Jane's Addiction - December 05, 1987 - Bren Events Center, University of California Irvine, Irvine, CA

Date: December 05, 1987
Location: Bren Events Center, University of California Irvine, Irvine, CA
Recorded: Audio
Status: Confirmed
Type: Concert
Lineup: Perry Farrell
Dave Navarro
Stephen Perkins
Eric Avery


Then She Did...
Had A Dad
I Would For You
Ocean Size
Jane Says
Chip Away
Rock & Roll

Show Information:

Jane's Addiction opened for Love & Rockets. One of the very few times Jane's performed their cover of The Velvet Underground's Rock & Roll.

This tour was nominated for Club Tour of the Year but lost out to the Robert Cray Band.

Thanks go out to 'bricotrout' for the first ticket scan and 'Jo$EChUngL8' for the shirt photo, and to Ryan Carol from the Love & Rockets Facebook group for the 5th ticket.

The Orange County Register
October 30, 1987
Author: Jim Washburn

Though there's a lot going on, the pick of the week has to be the double bill of eclectic string wizard David Lindley and actor-turned-singer Harry Dean Stanton at the Coach House Sunday at 8 p.m. For Lindley, it's a rare solo gig while the Repo Man is being backed by the excellent Steven Soles and Kenny Edwards. Call 496-8930.

For those of you who find Oingo Boingo a bit too tame, OC's antic El Grupo Sexo will be doing a special Halloween show at Night Moves in Huntington Beach Saturday at 9 p.m. When asked what outrages they had planned this time out, Sexo guitarist Jason Mann would only emit an evil chuckle. Tonight at 9 Nightmoves will be debuting former Sex Pistol Steve Jones' new band. Call 840-6118.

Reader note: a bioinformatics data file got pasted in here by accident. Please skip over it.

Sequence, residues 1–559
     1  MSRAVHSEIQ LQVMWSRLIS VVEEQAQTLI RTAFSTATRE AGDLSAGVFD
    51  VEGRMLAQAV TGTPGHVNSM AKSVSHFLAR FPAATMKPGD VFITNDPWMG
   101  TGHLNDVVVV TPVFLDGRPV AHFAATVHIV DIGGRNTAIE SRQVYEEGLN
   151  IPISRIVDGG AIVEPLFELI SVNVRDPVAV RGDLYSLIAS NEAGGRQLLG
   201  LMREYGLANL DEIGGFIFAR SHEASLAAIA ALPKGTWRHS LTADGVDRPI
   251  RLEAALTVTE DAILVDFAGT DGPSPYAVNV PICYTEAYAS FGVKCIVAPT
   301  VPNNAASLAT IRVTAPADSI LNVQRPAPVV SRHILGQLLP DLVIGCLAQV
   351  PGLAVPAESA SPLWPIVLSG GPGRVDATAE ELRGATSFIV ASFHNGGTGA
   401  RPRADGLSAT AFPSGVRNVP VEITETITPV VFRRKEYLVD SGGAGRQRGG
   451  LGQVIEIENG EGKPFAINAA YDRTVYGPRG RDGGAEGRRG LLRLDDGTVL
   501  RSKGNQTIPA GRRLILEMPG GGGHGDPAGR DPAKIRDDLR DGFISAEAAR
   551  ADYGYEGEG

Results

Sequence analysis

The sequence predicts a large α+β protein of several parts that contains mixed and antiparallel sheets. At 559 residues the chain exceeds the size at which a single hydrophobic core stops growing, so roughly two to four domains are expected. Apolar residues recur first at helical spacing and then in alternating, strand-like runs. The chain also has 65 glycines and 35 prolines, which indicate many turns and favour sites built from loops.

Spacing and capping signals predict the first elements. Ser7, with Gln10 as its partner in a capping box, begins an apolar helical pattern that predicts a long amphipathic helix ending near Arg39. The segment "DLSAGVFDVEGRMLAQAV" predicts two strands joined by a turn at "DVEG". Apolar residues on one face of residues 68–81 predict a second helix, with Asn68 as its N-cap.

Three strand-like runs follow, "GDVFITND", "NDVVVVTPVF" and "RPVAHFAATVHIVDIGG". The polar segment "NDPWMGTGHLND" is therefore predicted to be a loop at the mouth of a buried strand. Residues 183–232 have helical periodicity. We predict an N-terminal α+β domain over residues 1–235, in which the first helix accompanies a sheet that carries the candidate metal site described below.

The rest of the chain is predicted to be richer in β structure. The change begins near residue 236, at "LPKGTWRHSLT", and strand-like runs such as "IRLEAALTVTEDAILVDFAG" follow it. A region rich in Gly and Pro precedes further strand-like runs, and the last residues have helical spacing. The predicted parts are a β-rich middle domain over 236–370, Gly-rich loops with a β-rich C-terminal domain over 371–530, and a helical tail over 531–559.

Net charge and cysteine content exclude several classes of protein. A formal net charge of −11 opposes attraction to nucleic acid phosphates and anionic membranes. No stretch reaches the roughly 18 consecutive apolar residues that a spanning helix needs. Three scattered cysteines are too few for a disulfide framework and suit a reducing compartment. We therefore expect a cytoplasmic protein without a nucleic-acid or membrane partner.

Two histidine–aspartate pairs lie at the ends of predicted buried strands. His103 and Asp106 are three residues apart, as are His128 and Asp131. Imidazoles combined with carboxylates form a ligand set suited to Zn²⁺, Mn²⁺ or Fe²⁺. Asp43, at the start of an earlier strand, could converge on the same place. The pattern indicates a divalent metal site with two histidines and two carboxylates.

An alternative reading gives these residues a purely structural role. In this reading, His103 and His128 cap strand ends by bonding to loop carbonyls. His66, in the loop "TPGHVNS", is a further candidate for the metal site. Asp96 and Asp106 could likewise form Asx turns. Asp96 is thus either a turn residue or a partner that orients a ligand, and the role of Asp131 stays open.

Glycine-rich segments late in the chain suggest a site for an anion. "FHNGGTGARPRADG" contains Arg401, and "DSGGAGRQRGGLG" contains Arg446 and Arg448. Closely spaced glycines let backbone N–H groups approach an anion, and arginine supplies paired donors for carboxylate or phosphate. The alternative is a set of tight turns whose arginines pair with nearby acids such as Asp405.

It's time machine time this weekend at Madame Wong's West in Santa Monica. Celebrating Esther Wong's 10 years in the music biz, the club is hosting bands --

some regrouped specially for the occasion -- which got their start at her original Chinatown location a decade ago. Highlight appearances include the Knack and the Naughty Sweeties, one of the most underrated bands to come out of LA. Showtimes are 9 p.m. For the complete lineup and more information call (213) 829-7361.

Sunday at 7:30 p.m. the Pacific Amphitheatre is hosting George Jones, one of the greatest voices in country, along with the fresh sounds of Ricky Van Shelton and Rosie Flores. Call 634-1300. On Wednesday hotshot New Orleans guitarist Mason Ruffner and the fine R&B-rooted Delgado Brothers will be at Bogarts in Long Beach at 8 p.m. Call (213) 594-8975.

Upcoming: Tickets go on sale through TicketMaster Saturday for the Replacements at the Palladium on Dec. 3. TicketMaster is the broker again on Sunday for two shows, Love and Rockets and Jane's Addiction at UC Irvine's Bren Center on Dec. 5 and the Jesus and Mary Chain and Social Distortion appearing at the Palladium Dec. 4.

The Orange County Register
December 4, 1987
Rocketing into the mainstream
Love and Rockets tries not to let growing popularity knock it off course
Author: John Horn

Love and Rockets, an English rock band arriving at the Bren Center Saturday night, sees itself as one of those few groups that hasn't yet sold out -- they still claim to believe in music for music's sake.

But then, who doesn't?

Still, the fortuities of the music business have now placed Love and Rockets in a precarious position: As their popularity grows, so, too, does the way in which they are co-opted into the mainstream music biz.

There are, for starters, the four Love and Rockets music videos. Then, there's a public-relations campaign, the fourth U.S. tour and the record label's request that, for better concerts, the three-member band add musicians.

And then, somewhere underneath, is the music itself, best described to those unfamiliar with the band as a weird hybrid of Queen and David Bowie.